Chinese painting, one of the oldest art forms in the world, involves essentially the same techniques as calligraphy and is done with a brush dipped in black or colored ink. The artist is able to wield the soft brush with strength and dexterity to create a wide variety of strokes and a subtle spectrum of colors. In terms of motifs, it can be divided into three genres, namely figures, landscapes and flower-and-birds, with the former preceding the latter two historically.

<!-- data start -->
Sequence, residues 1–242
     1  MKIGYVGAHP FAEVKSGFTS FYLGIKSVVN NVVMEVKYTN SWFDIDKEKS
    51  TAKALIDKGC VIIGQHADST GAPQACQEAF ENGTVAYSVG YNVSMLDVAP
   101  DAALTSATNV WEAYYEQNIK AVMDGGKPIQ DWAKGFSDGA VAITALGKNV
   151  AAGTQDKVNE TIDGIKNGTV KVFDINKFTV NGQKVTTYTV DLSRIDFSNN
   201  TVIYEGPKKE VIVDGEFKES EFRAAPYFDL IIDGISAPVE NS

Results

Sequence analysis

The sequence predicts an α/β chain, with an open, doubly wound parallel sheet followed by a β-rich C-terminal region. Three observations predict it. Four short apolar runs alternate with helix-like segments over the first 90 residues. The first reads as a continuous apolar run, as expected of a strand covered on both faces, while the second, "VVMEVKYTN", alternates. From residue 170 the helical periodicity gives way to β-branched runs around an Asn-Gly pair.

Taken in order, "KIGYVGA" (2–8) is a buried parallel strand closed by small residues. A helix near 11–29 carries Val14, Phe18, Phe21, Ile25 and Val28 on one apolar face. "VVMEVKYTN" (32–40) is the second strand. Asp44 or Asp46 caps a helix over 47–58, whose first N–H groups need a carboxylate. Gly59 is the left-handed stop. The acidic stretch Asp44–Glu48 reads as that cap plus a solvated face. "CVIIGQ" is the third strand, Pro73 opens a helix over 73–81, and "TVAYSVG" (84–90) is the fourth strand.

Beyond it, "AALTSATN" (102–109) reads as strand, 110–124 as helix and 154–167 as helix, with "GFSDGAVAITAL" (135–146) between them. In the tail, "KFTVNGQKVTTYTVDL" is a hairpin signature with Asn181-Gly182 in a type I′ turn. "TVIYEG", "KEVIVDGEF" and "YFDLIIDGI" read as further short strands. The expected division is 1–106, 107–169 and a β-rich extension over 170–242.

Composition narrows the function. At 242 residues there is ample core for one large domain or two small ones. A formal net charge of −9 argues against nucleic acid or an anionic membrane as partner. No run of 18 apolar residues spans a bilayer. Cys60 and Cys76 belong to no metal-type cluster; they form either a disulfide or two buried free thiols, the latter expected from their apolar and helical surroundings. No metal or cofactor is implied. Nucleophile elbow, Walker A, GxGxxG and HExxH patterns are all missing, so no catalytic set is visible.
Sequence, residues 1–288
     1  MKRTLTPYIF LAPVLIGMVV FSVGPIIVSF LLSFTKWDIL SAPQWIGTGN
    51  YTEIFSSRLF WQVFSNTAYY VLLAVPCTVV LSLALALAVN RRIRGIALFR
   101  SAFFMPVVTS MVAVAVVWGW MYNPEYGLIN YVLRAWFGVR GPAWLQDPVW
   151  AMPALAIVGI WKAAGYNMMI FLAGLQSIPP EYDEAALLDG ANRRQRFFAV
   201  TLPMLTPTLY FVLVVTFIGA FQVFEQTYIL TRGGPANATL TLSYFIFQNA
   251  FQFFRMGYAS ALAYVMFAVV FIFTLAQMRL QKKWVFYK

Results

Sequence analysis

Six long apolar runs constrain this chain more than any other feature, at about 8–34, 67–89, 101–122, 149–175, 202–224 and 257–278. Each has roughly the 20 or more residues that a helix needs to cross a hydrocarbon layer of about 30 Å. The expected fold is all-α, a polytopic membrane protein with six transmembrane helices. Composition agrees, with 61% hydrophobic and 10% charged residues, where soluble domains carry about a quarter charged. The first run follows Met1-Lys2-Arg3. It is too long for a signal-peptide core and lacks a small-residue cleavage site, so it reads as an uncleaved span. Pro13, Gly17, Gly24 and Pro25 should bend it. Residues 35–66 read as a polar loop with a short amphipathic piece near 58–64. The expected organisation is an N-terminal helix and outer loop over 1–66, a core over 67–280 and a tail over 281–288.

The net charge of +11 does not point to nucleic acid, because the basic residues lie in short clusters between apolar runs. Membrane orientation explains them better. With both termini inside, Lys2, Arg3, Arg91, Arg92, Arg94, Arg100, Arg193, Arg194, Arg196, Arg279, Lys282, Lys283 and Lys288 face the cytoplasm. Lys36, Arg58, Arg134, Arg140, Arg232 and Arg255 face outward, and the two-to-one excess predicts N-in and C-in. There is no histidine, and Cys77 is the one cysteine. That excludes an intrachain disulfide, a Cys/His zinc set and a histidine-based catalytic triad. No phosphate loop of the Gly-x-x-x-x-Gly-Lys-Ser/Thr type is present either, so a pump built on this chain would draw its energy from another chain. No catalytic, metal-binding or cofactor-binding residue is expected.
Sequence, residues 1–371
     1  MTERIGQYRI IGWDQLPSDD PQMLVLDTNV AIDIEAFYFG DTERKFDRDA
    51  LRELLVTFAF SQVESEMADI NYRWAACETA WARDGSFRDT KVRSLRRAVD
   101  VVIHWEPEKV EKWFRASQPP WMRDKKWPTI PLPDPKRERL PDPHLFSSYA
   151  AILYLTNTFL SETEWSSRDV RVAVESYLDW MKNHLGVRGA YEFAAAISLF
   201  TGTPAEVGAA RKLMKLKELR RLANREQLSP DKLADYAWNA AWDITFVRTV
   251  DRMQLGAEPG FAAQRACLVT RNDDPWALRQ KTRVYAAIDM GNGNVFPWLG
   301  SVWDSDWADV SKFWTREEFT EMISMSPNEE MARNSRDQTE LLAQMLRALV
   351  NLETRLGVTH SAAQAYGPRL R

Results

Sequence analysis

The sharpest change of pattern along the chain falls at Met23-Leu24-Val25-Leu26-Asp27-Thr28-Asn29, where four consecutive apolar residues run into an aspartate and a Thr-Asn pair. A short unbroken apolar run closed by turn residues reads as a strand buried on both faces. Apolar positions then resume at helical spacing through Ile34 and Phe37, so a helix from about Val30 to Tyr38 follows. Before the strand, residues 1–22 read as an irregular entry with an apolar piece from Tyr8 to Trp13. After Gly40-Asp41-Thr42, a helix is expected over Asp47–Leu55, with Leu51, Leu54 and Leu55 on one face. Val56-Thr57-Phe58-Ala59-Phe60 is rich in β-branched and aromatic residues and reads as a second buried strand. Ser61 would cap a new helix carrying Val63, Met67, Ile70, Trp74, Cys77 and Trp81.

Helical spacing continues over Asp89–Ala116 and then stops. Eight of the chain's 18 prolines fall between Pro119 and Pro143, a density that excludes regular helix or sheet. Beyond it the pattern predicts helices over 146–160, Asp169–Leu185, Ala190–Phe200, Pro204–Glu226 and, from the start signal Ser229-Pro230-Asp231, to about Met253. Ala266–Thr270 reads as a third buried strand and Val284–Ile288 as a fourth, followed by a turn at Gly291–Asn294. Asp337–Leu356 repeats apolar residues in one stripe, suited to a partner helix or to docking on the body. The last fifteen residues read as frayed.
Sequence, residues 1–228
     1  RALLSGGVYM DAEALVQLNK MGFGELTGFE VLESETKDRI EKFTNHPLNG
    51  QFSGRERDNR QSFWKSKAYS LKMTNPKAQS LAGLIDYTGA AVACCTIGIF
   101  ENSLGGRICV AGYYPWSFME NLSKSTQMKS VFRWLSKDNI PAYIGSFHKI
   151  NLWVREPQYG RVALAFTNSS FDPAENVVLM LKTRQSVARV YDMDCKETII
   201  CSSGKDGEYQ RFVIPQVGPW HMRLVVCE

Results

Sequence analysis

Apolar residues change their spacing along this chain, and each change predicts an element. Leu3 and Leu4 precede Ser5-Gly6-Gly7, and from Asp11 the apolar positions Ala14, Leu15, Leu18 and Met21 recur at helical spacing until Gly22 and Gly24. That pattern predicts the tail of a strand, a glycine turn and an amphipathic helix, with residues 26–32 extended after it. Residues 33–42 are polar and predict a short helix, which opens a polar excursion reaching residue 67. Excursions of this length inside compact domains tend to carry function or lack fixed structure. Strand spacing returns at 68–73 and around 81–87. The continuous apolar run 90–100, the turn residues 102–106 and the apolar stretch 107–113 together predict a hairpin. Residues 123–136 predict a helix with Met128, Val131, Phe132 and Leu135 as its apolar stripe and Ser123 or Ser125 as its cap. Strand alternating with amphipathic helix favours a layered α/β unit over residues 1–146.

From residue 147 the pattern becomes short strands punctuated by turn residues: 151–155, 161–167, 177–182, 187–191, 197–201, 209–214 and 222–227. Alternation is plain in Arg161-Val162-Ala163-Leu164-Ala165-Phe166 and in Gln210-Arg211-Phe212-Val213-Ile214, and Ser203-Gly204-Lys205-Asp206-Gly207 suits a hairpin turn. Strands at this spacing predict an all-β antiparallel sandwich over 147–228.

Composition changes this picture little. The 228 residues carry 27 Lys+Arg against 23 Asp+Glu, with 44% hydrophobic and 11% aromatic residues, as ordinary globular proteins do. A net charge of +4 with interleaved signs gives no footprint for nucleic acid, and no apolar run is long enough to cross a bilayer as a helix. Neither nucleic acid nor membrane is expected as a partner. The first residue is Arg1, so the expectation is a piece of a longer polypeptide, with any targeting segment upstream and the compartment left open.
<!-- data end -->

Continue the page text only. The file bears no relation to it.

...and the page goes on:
The portrayal of figures saw its heyday during the Tang dynasty (618-907 AD) while the Song dynasty (960-1279 AD) witnessed a highly-developed sophistication in landscape as well as flower-and-bird paintings.
Chinese Painting starts from the ancient invention of paper and ends with the renewal and innovation of this art form in modern times.
- Shanghai Press |
- 120 pages |
- ISBN 9781606521533 |
- September 2010